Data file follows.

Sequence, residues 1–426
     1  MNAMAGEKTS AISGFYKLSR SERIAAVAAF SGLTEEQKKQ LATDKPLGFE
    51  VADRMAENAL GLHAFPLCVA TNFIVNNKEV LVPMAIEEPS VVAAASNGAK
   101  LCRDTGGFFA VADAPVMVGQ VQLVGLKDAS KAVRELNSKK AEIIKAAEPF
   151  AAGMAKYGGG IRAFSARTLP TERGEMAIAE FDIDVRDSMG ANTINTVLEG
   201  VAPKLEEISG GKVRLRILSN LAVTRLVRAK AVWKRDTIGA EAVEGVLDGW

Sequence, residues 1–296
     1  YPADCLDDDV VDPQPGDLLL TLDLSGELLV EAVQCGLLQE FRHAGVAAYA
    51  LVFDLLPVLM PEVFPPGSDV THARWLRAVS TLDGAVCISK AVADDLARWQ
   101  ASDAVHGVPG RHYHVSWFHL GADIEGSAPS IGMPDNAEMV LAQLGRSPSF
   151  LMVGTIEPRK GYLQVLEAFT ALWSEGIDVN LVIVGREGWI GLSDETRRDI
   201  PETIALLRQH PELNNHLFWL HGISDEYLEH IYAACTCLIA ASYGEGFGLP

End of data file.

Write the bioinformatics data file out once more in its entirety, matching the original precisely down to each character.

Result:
Sequence, residues 1–426
     1  MNAMAGEKTS AISGFYKLSR SERIAAVAAF SGLTEEQKKQ LATDKPLGFE
    51  VADRMAENAL GLHAFPLCVA TNFIVNNKEV LVPMAIEEPS VVAAASNGAK
   101  LCRDTGGFFA VADAPVMVGQ VQLVGLKDAS KAVRELNSKK AEIIKAAEPF
   151  AAGMAKYGGG IRAFSARTLP TERGEMAIAE FDIDVRDSMG ANTINTVLEG
   201  VAPKLEEISG GKVRLRILSN LAVTRLVRAK AVWKRDTIGA EAVEGVLDGW

Sequence, residues 1–296
     1  YPADCLDDDV VDPQPGDLLL TLDLSGELLV EAVQCGLLQE FRHAGVAAYA
    51  LVFDLLPVLM PEVFPPGSDV THARWLRAVS TLDGAVCISK AVADDLARWQ
   101  ASDAVHGVPG RHYHVSWFHL GADIEGSAPS IGMPDNAEMV LAQLGRSPSF
   151  LMVGTIEPRK GYLQVLEAFT ALWSEGIDVN LVIVGREGWI GLSDETRRDI
   201  PETIALLRQH PELNNHLFWL HGISDEYLEH IYAACTCLIA ASYGEGFGLP